Who needs It’s a Wonderful Life or Miracle on Whatever Street as pre-Christmas entertainment, when Vancouver’s new dust-busting council is on the go?
Tomorrow will be the first council meeting with real business and a chance to see Dr. Penny Ballem in the city manager’s chair.
In the meantime, Vision councillors have a raft of motions on the new agenda to kick off their new era. Among them is Councillor Tim Stevenson’s motion to ask the provincial government to stiffen up the Residential Tenancy Act.
That has apartment owners and sellers in a tizzy, warning that council is “attempting to influence the provincial government.” Uh, boys, that’s what they do every day of the week. It’s their job.
Anyway, my guess is that most of the actions in Stevenson’s are unlikely to go anywhere with this government or even, in a parallel universe, an NDP government. A nice gesture, though.
There is a chance the provincial government might move to provide a few more protection for renters, given that their NPA friends probably told them that, in the recent civic election, the NPA couldn’t even get renters to talk to them. Maybe because they feel like they’ve been thrown out to the wolves the last few years, as they grappled with rising rents, economic evictions, demolitions, a zero vacancy rate, and everything else that strikes fear into the heart of renters. By the way, the latest CMHC report came out today and the vacancy rate is now at 0.3 per cent.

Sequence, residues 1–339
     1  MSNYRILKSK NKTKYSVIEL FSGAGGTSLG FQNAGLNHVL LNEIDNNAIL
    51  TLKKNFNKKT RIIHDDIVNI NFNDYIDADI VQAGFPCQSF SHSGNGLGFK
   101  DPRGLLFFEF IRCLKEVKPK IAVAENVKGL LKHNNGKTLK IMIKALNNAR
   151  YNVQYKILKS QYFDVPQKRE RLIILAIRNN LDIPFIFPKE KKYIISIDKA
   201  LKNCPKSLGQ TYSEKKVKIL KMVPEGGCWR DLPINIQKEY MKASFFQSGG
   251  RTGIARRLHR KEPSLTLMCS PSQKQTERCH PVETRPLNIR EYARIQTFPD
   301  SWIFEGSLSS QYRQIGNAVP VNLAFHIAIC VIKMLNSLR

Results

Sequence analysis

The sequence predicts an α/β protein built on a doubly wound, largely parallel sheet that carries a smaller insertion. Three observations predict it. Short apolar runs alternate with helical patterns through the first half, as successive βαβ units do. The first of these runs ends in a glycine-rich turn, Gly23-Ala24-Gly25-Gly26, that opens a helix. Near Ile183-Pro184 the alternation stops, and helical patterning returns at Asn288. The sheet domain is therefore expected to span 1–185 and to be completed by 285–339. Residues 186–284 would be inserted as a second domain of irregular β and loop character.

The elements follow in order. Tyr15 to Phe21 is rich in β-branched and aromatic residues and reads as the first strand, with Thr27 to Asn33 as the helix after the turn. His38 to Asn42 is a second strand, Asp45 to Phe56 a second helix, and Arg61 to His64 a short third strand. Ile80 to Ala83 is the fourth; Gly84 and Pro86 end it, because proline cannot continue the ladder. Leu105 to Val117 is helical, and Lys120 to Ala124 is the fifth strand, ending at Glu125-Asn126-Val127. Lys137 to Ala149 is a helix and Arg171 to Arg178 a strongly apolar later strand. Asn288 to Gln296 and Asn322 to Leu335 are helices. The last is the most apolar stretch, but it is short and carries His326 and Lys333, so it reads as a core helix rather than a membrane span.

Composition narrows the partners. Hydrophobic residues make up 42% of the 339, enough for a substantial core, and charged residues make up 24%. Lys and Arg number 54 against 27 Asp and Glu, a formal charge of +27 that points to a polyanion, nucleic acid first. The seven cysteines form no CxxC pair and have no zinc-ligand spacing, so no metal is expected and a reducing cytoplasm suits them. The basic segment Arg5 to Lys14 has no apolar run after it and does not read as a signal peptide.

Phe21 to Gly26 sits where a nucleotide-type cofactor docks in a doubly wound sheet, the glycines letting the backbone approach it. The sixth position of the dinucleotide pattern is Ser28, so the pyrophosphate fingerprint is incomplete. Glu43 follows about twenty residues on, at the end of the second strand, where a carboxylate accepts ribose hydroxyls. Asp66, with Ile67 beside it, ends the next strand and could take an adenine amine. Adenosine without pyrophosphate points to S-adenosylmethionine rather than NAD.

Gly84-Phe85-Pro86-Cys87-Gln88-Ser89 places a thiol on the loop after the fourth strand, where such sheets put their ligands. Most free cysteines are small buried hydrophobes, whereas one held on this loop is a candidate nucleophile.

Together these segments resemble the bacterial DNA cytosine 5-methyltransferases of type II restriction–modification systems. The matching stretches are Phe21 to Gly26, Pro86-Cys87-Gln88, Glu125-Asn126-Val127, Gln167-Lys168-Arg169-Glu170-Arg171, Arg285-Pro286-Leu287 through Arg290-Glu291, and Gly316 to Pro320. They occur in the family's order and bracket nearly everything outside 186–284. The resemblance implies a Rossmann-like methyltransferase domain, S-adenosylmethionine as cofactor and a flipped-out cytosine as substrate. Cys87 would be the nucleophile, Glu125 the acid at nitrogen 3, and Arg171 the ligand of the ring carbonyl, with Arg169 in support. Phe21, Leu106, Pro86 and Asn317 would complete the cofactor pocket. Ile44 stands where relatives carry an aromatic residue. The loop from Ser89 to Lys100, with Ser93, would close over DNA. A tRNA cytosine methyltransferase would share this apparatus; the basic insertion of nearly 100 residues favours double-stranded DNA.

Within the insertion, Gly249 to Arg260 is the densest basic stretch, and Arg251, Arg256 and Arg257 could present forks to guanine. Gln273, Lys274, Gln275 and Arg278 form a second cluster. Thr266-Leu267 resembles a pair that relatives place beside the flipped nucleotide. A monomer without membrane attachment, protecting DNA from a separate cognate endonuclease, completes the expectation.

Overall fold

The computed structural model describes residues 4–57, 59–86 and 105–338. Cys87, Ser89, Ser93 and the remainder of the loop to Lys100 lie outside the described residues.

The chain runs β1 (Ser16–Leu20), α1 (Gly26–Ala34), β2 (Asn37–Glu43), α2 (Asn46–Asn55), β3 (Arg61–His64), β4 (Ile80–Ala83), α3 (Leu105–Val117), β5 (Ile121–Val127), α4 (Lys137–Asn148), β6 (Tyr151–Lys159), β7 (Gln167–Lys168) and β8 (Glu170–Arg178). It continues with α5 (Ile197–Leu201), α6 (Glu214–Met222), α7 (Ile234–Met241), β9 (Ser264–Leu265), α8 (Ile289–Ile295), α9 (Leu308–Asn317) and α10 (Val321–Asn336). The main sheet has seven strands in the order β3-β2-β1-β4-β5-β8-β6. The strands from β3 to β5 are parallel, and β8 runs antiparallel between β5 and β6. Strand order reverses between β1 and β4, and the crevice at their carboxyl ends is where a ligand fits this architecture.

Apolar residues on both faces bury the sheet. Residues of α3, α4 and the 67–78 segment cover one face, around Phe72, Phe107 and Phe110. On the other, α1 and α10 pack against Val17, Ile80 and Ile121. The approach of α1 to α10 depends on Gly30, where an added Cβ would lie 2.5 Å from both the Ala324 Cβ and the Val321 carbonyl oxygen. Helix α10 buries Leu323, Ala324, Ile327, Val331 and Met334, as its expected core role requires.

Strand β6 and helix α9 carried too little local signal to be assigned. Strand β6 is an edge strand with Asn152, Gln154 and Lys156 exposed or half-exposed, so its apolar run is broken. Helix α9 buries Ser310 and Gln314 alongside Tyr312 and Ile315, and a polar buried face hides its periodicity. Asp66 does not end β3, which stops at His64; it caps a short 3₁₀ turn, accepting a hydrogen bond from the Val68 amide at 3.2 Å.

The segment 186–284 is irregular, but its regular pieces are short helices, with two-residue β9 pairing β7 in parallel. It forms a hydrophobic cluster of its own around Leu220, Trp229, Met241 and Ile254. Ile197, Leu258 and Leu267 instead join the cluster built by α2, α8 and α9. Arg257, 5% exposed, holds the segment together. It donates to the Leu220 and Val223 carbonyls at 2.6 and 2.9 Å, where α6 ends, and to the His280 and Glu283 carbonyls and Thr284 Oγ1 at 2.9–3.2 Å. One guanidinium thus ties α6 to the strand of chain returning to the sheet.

Anyway, this is what’s going around in the landlord-type circles.
From: Mark Goodman [mailto:firstname.lastname@example.org]
Sent: Friday, December 12, 2008 4:38 PM
Subject: The Goodman Report: Councillor’s plan to protect renters is a recipe for slums
In today’s Vancouver Sun, in the front page article Councillor’s plan to protect renters is a recipe for slums, columnist Don Cayo writes, “Specifically, it calls on the province to amend the Residential Tenancy Act to require landlords to allow tenants evicted for the purpose of renovations to reoccupy their units once renovations are completed at the same rent as they were paying prior to the renovation.” David Goodman is on record in the forgoing article decrying the fact that Vancouver city council is advocating that landlords “subsidize tenants by making new investments that are guaranteed to show no return.”
Further, Mary Francis Hill writes in The Vancouver Sun today on the same topic.
Included in Councillor Stevenson’s and Mayor Robertson’s motion to go towards Council next Tuesday, Dec 16th include:
- “First right of refusal” for rental tenants whereby landlords cannot raise rents even after substantial renovations
- Giving the City the authority to demand improvements on apartment buildings wherever and whenever they deem necessary
- Eviction notices to extend from 60 to 90 days
- Landlords to report to the Residential Tenancy Branch annually all turnovers, rent increases, and reasons for eviction.
To better appreciate the serious ramifications of Council’s initiative, please
download the MOTION ON NOTICE >>
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|CMHC Fall 2008 Greater Vancouver Rental Market Report
To further assist our readership in setting their suite rentals at appropriate levels, we are delighted to share with you the just released CMHC Fall 2008 Greater Vancouver Rental Market Report.
Vancouver Highlights: Strong Demand for Rental Housing
David & Mark Goodman